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I had a question regarding the colMeans function. Is there a version of this that will not return an error when it runs into a column of length one? For example


[1] 2.0 3.5

But for this one


Error in colMeans(temp2) : 
'x' must be an array of at least two dimensions

But, if I apply the function mean to each column it properly comes up with the value of 2 and 2.

I wrote a function to do this


which gives the same results as colMeans.
I've heard that colMeans is supposed to be much faster than this method. So, is there a version of colMeans that will work when my column is of size 1.

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3 Answers 3

up vote 5 down vote accepted

As @Paul points out, colMeans expects "an array of two or more dimensions" for its x argument (from ?colMeans). But temp2 is not an array

# [1] FALSE

temp2 can be made into an array:

(tempArray <- array(temp2, dim = c(1, 2)))
#      [,1] [,2]
# [1,]    2    2

# [1] 2 2

Perhaps temp2 came from subsetting an array, such as

array(temp2, dim = c(2, 2))[1, ]

But this is not an array. To keep it as an array, add drop = FALSE inside the brackets:

array(temp2, dim = c(2, 2))[1, , drop = FALSE]
#      [,1] [,2]
# [1,]    2    2

Then you can use colMeans on the subsetted array.

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The colMeans function is meant for n-dimensional arrays. When your column is of size 1 (1 colum, or 1 row??) you effectively have a vector. On a vector, using just mean is fine. In terms of speed, calculating the mean of a million numbers is very fast:

> system.time(mean(runif(10e5)))
   user  system elapsed 
  0.038   0.000   0.038 
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@PaulHiemstra and @BenBarnes provide correct answers. I just want to add to their explanations.

Vectors vs. arrays

Vectors are the fundamental data structure in R. Almost everything is internally represented as a vector, even lists (with the exception of a special kind of list, the dotted pair list, see ?list). Arrays are simply vectors with an attribute attached, the dim attribute, which describes the object's dimensions. Consider the following:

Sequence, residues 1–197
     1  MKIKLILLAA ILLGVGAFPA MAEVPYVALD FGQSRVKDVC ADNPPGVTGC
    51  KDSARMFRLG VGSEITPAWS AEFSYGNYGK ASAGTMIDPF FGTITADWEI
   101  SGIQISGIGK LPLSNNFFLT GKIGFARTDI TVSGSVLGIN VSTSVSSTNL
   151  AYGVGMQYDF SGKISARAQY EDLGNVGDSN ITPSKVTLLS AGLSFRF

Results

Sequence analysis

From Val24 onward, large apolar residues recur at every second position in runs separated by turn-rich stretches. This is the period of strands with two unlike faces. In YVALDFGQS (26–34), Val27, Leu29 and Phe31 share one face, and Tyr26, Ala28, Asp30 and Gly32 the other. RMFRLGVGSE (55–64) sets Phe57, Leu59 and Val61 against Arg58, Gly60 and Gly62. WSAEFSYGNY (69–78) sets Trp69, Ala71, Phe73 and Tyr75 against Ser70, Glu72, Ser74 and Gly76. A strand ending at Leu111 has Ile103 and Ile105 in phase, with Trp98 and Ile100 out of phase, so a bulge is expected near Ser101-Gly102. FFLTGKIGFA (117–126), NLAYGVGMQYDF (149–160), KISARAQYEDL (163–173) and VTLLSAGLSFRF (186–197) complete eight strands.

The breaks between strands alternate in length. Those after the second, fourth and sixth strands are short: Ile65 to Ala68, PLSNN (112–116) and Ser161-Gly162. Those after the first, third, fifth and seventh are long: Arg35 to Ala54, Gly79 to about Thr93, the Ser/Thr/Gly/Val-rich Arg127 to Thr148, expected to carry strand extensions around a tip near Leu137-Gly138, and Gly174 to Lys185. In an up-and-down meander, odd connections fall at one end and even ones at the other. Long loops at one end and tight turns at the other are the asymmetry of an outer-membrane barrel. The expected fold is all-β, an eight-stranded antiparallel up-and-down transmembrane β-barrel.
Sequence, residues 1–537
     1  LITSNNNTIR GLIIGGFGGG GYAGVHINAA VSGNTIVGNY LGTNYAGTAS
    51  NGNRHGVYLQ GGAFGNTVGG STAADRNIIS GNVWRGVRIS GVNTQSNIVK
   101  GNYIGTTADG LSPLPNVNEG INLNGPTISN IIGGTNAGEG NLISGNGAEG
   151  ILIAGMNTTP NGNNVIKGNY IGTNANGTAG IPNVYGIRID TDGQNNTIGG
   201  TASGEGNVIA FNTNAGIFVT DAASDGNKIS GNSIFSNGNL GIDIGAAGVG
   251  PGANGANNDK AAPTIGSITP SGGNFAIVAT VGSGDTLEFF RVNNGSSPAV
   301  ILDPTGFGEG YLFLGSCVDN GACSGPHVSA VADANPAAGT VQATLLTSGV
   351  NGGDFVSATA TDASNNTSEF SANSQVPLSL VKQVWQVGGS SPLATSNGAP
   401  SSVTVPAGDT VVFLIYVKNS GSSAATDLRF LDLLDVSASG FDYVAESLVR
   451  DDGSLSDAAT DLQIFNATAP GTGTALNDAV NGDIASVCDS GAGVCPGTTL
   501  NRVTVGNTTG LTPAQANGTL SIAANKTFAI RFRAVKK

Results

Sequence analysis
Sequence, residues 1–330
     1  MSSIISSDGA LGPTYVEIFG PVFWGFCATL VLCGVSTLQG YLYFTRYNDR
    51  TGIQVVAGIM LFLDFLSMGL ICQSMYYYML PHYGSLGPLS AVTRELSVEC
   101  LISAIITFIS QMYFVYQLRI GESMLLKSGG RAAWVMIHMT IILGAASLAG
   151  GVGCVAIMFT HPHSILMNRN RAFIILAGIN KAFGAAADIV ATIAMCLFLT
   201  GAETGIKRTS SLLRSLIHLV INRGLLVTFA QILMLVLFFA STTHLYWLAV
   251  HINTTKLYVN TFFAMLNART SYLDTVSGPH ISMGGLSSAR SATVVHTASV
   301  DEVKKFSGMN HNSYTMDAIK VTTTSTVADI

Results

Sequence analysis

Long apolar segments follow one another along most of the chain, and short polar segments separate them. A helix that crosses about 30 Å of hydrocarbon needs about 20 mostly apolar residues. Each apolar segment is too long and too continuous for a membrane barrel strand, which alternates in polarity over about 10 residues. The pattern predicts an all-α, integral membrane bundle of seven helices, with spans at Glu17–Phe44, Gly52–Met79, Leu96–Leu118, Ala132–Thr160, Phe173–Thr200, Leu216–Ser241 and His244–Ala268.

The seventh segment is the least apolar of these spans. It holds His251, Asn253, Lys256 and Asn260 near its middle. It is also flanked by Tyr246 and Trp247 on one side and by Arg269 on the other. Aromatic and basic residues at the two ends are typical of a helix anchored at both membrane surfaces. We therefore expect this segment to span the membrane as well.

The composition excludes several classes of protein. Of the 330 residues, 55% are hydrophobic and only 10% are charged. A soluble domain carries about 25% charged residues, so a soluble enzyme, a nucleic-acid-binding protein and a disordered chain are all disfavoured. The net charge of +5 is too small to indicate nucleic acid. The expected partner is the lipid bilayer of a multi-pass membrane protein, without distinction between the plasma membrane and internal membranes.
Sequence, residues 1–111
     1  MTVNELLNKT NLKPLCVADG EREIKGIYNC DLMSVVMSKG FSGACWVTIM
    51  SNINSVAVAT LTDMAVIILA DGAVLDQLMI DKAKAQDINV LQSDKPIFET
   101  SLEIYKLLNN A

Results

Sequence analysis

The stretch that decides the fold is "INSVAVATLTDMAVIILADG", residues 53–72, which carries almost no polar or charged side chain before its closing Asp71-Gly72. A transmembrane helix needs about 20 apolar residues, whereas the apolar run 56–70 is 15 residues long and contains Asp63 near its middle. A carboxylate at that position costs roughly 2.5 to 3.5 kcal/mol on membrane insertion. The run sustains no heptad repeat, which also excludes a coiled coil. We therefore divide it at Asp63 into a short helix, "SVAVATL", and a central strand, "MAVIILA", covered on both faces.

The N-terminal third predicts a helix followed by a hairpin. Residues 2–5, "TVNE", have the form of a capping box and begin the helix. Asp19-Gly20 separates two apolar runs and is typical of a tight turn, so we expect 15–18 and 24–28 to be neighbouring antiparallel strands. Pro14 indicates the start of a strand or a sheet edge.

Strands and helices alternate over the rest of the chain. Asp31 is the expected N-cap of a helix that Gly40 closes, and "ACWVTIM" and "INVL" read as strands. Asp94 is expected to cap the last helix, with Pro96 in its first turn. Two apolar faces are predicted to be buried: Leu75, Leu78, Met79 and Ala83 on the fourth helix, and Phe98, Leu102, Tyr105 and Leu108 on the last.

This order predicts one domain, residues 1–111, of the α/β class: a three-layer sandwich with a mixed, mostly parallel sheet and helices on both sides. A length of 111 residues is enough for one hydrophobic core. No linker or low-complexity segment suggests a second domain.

v <- c(1:10)
a <- array(v, dim = c(5, 2))
length(v) # 10
length(a) # 10
attributes(v) # NULL
attributes(a) # $dim 10  1
is.vector(v) # TRUE
is.array(v) # FALSE
is.vector(a) # FALSE
is.array(a) # TRUE

Both v and a are length 10. The only difference is a has the dim attribute attached to it. Because of this added attribute, R treats a externally as an array instead of a vector. Modifying just the dim attribute can change R's external representation of an object from array to vector and back:

attr(a, "dim") <- NULL
is.vector(a) # TRUE
is.array(a) # FALSE
attr(v, "dim") <- c(5, 2)
is.vector(v) # FALSE
is.array(v) # TRUE

In your example, temp2 is a vector object, thus lacking a dim attribute. colMeans is expecting an array object with a dim attribute of at least length 2 (two dimensional). You can easily convert temp2 to a two dimensional array with a single column:

temp3 <- array(temp2, dim = c(length(temp2), 1)) 
# or:
temp4 <- temp2
attr(temp4, "dim") <- c(length(temp2), 1)
is.array(temp2) # FALSE
is.array(temp3) # TRUE
is.array(temp4) # TRUE

colMeans() vs. mean()

@PaulHiemstra is right, instead of converting a vector to a single column for colMeans(), it is much more common to just use mean() on a vector. However, you are correct that colMeans() is faster. I believe this is because it does a bit less checking for well-formed data, but we'd have to look at the internal C code to be sure. Consider this example:

# Create vector "v" and array "a"
n <- 10e7
set.seed(123) # Set random number seed to ensure "v" and "a[,1]" are equal
v <- runif(n)
set.seed(123) # Set random number seed to ensure "v" and "a[,1]" are equal
a <- array(runif(n), dim=c(n, 1))

# Test that "v" and "a[,1]" are equal
all.equal(v, a[,1]) # TRUE

# Functions to compare
f1 <- function(x = v){mean(x)} # Using mean on vector
f2 <- function(x = a){mean(x)} # Using mean on array
f3 <- function(x = a){colMeans(x)} # Using colMeans on array

# Compare elapsed time
system.time(f1()) # elapsed time = 0.344
system.time(f2()) # elapsed time = 0.366
system.time(f3()) # elapsed time = 0.166

colMeans() on the array is faster than mean() on either a vector or an array. However, most of the time this speed-up will be negligible. I find that it is more natural to just use mean() on a vector or single-column array. But, if you are a true speed demon you might sleep better at night knowing that you are saving several hundred milliseconds of processing time by using colMeans() on single column arrays instead.

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